A Hong Kong court has sentenced two protesters to 15 to 18 months in prison over their participation in a riot during the police siege of the Hong Kong Polytechnic University (PolyU) in 2019. A third person was sentenced to a training centre, an alternative to jail for young offenders.

Brian Leung Tsz-yeung, 26, Hui Ning-hin, 22, and Dick Cheung Tat-wing, 20, appeared in front of District Judge Stanley Chan on Wednesday morning.

The District Court. Photo: Kelly Ho/HKFP.

Chan said that all three were “lucky” the prosecution had accepted a plea bargain and based the case on “a brief riotous moment” rather than the entire duration of the week-long campus siege.

The trio had earlier pleaded guilty to taking part in a riot near PolyU and the Hong Kong Science Museum on November 18, 2019, as their part of the plea bargain. Leung also pleaded guilty to possessing an instrument fit for unlawful purposes after he was found carrying a spanner.

In exchange for their guilty please, other charges pressed against them – including one count of rioting with others inside PolyU on November 17 and 18 – were kept on file.

The PolyU campus was occupied by pro-democracy protesters and surrounded by police for several days in the grip of the 2019 protests and unrest. Violent clashes erupted between the two sides, resulting in 300 hospitalisations and the arrests of 1,300.

According to Chan, the trio were among a group of protesters who attempted to escape the besieged campus in the morning of November 18.

Protester with umbrellas enshrouded with tear gas near Hong Kong Polytechnic University. Photo: Jimmy Lam/United Social Press

After some protesters hurled petrol bombs and other hard objects at the police and officers fought back with tear gas, the three and 14 others attempted to escape by hiding inside the Hong Kong Science Museum, but were later found and arrested by police.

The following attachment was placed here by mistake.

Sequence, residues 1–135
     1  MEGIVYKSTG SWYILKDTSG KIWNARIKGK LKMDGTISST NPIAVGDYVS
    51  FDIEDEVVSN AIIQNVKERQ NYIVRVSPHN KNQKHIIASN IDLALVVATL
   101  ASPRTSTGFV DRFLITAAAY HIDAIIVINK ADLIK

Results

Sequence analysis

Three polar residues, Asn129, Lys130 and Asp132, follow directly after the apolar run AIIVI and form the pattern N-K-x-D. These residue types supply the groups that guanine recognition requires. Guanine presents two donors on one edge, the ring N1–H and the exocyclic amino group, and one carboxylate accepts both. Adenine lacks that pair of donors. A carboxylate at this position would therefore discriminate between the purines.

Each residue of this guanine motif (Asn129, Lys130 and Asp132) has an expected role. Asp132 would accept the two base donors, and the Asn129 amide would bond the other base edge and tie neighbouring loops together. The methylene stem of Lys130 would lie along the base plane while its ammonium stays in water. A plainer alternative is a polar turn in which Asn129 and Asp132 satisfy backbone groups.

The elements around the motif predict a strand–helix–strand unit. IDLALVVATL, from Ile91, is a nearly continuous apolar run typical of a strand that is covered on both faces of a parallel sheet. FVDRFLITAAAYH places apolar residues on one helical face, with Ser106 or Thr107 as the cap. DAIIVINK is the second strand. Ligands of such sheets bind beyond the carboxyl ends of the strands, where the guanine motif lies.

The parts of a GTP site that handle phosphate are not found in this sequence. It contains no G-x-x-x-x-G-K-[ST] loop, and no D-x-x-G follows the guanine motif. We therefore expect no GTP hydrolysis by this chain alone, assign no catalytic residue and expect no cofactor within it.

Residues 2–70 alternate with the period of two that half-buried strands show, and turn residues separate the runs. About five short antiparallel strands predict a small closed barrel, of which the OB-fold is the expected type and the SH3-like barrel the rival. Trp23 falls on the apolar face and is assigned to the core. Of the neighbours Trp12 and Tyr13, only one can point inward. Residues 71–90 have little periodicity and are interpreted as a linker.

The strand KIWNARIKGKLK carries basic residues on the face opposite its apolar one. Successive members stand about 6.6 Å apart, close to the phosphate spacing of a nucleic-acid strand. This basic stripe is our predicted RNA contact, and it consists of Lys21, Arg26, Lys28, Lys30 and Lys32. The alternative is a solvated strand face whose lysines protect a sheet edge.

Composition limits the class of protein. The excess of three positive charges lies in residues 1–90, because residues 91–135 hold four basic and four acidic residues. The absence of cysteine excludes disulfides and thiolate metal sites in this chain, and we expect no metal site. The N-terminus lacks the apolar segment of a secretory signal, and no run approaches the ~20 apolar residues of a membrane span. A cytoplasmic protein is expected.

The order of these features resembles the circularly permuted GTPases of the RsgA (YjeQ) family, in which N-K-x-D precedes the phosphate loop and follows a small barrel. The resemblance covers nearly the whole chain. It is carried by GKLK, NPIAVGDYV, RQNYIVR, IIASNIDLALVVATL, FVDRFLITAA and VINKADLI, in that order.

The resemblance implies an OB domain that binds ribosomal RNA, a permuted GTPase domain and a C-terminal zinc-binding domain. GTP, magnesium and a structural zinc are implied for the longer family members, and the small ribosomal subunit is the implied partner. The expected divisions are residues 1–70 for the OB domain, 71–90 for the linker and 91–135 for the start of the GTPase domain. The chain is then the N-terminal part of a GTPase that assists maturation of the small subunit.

The judge said the three were all young with good characters and no criminal records. “I think the trio became victims of a storm after being manipulated by others,” Chan added.

After considering the defendants’ mitigation submissions, the judge set the starting point of sentencing for Leung and Hui at two years in prison.

Because they did not enter guilty pleas initially, instead agreeing to a plea deal, both were given a one-quarter discount, reducing the sentence to 18 months in prison.

For Hui, Chan took a further three months off after considering the mitigation letters written by Hui’s parents and girlfriend, and the defendant’s promise to “never give up,” meaning Hui was handed a 15-month jail term.

Protesters outside the Hong Kong Polytechnic University in Hong Kong on November 17, 2019. Photo: Studio Incendo.

Meanwhile, Chan sentenced Cheung – who was only 17 at the time of the offence – to a training centre, where the minimum period of detention is six months and the maximum is three years, depending on conduct.

The judge said Cheung had made the “right decision” to return to Hong Kong from Taiwan in February 2021 to face his charge. “Even if the defendant had to be imprisoned for a few years, that would still be much better than spending the rest of his life in exile,” the judge added.

Four others who pleaded not guilty in the same case are currently on trial. Another co-defendant, Lee Ka-hei, had earlier pleaded guilty and was sentenced to a training centre.

Sticker with law firm contact

Included in an afterword to his reasons for sentencing, Chan said he was aware that there was a sticker on Cheung’s phone case when he was arrested that said, “Don’t be afraid, we are here,” with the number of Bond Ng Solicitors on it.

The judge said the message could have two implications: that someone had encouraged the defendants to go to the protest scene or the frontline, or that there was potential benefit from providing legal support to the protesters.

“I emphasise that there is no evidence suggesting the sticker was made by the law firm, nor that the firm gave it to the defendant,” Chan said, adding that he would not dig into the matter in the hearing of this case.

“But related authorities, including the Law Society of Hong Kong and the Legal Aid Department, can make their own decision on whether they would like to follow up,” he added.

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Peter Lee

Peter Lee is a reporter for HKFP. He was previously a freelance journalist at Initium, covering political and court news. He holds a Global Communication bachelor degree from CUHK.